Throughout your addiction recovery journey, it’s important to have a strong support network. Most support networks include friends, family members, and treatment providers.
While these individuals can offer much-needed care, they may lack personal experience with addiction. As a result, you might feel misunderstood at times.
That’s where peer support groups come in. In these groups, you can discuss your experiences and coping strategies with other people navigating recovery.
You may even find a sponsor. A sponsor is someone further along in recovery who will check in with you on a regular basis. During each check-in, you and your sponsor will talk about your progress and any recovery-related challenges.
Recovery Support Groups
Most support groups hold meetings both in person and online.
4. Wellness Activities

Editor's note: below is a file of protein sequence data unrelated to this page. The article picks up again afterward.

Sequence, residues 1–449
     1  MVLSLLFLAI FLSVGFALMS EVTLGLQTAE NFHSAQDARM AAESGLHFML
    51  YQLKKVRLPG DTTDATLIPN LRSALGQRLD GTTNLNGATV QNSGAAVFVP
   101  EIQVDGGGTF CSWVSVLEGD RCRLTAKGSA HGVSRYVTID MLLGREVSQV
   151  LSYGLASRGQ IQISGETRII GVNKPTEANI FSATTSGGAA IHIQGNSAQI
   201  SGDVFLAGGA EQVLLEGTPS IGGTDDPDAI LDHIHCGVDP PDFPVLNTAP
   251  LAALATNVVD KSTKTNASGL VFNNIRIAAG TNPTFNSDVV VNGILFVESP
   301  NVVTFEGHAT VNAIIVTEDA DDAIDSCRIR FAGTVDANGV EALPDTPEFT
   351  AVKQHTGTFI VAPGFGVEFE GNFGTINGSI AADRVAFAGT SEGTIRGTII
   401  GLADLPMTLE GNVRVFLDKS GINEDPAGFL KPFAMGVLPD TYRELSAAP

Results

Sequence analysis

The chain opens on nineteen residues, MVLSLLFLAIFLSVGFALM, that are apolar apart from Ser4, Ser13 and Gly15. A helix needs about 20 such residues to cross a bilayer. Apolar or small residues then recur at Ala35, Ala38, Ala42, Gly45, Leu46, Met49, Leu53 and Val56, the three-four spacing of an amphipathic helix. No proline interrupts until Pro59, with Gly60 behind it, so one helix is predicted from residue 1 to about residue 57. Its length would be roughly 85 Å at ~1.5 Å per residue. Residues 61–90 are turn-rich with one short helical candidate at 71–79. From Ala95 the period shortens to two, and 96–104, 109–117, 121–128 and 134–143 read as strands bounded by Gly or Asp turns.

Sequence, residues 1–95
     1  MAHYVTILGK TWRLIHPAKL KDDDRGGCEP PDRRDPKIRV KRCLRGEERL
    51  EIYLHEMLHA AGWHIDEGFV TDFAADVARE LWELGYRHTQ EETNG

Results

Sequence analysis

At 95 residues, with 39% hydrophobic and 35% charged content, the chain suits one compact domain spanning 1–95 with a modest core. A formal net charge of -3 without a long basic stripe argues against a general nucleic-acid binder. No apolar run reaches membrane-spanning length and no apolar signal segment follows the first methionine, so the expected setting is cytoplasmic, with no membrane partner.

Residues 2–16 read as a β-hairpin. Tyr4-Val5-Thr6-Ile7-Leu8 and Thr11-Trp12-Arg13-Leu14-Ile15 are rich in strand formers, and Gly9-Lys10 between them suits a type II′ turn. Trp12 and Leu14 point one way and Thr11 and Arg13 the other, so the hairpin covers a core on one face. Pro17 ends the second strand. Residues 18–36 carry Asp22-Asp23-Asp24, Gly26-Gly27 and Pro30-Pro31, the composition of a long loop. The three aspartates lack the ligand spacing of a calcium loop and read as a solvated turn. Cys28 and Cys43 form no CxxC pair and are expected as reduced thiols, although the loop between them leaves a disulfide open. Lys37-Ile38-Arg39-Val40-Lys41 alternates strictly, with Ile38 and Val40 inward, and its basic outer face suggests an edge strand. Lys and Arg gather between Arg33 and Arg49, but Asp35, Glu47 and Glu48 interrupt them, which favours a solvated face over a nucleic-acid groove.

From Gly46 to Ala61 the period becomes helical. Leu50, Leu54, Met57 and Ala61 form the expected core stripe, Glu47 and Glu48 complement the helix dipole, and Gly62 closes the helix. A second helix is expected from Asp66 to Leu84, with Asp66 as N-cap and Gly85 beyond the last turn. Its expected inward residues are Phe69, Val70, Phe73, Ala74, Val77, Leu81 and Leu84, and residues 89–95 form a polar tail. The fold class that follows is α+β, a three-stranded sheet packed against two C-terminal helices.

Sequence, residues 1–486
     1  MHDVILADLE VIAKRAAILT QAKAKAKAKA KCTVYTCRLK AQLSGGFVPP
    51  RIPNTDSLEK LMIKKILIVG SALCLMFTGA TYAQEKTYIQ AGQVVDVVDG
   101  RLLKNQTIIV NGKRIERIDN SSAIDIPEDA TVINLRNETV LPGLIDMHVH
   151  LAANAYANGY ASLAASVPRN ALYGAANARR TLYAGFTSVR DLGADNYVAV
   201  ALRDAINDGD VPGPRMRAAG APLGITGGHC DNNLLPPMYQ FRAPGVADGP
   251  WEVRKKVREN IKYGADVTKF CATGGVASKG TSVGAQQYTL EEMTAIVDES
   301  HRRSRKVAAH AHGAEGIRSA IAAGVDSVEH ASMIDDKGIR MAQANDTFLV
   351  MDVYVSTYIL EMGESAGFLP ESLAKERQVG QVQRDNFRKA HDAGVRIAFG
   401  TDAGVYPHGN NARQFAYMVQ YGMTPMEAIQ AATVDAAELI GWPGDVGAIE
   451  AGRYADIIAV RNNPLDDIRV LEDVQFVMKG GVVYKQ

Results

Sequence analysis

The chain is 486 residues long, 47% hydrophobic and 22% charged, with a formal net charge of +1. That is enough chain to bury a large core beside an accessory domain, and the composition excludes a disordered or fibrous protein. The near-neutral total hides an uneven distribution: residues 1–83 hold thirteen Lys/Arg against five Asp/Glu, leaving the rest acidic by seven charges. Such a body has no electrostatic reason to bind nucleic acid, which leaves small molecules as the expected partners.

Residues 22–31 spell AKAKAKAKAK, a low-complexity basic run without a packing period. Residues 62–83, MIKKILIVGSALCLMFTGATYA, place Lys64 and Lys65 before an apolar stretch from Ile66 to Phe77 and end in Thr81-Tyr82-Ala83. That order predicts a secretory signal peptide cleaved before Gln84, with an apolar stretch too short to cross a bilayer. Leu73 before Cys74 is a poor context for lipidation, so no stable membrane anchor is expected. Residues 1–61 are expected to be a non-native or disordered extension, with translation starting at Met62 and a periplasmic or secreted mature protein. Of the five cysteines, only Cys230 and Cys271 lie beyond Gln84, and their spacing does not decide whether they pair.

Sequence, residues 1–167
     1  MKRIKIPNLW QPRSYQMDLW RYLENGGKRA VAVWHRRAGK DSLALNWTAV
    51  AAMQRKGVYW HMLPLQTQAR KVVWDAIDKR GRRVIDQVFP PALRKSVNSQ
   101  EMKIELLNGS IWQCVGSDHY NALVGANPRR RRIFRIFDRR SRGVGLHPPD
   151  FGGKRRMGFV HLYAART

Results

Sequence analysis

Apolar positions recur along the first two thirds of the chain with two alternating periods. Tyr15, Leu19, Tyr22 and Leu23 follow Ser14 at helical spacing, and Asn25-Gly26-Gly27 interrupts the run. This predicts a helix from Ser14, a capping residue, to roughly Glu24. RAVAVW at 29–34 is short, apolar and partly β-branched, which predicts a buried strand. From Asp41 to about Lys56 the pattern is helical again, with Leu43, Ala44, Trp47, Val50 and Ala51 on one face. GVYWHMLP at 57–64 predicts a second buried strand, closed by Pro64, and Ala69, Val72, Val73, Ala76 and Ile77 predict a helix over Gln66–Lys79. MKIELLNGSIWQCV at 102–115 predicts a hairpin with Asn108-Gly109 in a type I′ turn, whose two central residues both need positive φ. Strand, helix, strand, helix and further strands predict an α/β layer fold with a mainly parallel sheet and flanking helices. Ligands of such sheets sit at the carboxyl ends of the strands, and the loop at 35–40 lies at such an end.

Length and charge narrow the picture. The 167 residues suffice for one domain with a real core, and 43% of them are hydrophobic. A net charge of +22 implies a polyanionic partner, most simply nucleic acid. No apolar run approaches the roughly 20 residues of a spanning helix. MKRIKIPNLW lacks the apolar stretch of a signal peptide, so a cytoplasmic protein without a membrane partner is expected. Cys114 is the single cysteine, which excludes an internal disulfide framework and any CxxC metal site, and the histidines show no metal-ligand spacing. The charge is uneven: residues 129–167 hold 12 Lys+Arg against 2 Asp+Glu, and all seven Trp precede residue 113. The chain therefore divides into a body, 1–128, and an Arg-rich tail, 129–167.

When recovering from any disease, you must take care of yourself. That’s why your aftercare plan should include a variety of activities that boost your physical and mental health.
For example, you need to get enough sleep. Most people require at least seven hours of sleep per night. A good night’s rest gives you the energy you need to manage drug cravings and other recovery-related issues.
You should also get plenty of exercise. The majority of adults need at least 150 minutes of moderate-intensity activity per week.
If you don’t feel like hitting the gym, take a walk around the block. All forms of exercise trigger the release of endorphins, which are hormones that make you feel happy and relaxed. This natural high can help keep your mind off drugs.